Publishing and Performing in Modern Media
Well-organized units that include opportunities for students to “publish” their work also need to provide some space for newer forms. While we all know that authentic writing provides student motivation and tends to produce better writing, we overlook a lot of the non-traditional modes of publishing one’s thoughts that have now become fairly mainstream beyond our classrooms.
When our students write informative essays or journalistic pieces, are they also getting opportunities to streamline those factual reports into “threads”? (It’s a Twitter thing! They’re very informative and astonishingly concise!) For that matter, do they know how to convey an argumentative or persuasive perspective as either a fully-formed text or as a sequential string of discrete ideas, complete with hyperlinks to evidence and data? Most journalists and pundits employ such fast-track means of writing as often as traditional columns and reporting now.
Check out the excerpt of a Twitter thread below–it’s practically a new genre of writing and yet the core tenets of what we teach about argument are all there (including cited evidence in the form of an infographic).
image via Twitter
Creating Spaces for Digital Places
One easy way to build such modern writing forms into your existing units is to have students learn to create their own online spaces to write in. They could post in a website that you build, or create a Weebly, or perhaps create a Twitter account dedicated only to private tweets between members of your class community. The important thing is that we help guide them through experiences as digital writers as often as we guide them as traditional ones. We forget sometimes that just because students are deeply attached to their technology doesn’t mean that they have a good sense of how to use it productively.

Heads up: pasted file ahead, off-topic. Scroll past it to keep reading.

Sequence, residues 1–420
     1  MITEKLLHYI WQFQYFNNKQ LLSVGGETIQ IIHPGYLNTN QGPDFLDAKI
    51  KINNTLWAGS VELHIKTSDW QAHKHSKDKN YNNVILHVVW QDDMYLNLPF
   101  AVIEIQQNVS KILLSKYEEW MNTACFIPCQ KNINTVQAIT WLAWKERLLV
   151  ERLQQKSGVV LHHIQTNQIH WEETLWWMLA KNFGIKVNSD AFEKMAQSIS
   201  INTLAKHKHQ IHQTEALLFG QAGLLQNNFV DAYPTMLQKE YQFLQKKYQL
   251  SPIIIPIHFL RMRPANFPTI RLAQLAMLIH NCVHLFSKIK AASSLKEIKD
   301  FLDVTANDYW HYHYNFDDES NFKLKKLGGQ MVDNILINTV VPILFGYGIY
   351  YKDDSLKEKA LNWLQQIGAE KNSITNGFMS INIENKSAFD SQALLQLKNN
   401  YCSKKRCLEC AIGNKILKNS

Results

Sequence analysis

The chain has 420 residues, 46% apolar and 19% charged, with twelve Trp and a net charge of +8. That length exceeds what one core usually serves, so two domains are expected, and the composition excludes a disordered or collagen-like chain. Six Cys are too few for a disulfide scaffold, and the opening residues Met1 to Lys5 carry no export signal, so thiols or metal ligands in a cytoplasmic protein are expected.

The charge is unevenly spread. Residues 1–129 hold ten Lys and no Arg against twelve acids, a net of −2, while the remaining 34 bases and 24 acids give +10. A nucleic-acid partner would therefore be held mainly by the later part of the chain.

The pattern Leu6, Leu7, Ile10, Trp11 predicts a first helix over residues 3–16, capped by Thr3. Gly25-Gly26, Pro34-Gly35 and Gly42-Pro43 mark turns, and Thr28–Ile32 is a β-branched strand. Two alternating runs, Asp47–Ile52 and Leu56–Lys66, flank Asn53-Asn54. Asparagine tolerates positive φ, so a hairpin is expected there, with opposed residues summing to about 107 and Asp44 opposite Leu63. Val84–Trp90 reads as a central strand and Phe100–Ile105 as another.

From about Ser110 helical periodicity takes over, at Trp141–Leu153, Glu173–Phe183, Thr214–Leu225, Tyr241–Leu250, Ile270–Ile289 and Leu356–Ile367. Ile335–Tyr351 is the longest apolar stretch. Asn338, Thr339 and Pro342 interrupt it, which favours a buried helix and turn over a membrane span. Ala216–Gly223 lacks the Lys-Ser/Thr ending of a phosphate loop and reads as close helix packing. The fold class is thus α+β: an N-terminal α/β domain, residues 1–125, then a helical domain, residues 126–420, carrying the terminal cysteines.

It’s hard to set any genre aside, but it’s also important to recognize the extent to which English teachers are creatures of habit–our units might be thematically organized or organized around writing or literature genres, but there is a hazard to students when we lean too hard in favor of concepts like “canon” or “tradition” instead of recognizing the ways writing is rapidly changing in various mediums, even as the core tenets (we love those!) remain the same. As you begin to structure your units this year, consider the question of how often your students are given the chance to engage in modern writing genres.
Are there spaces in your units where students could explore writing in new mediums?
Do you already incorporate more modern or digital forms of writing in your curriculum? Share your ideas with us! @zigthinks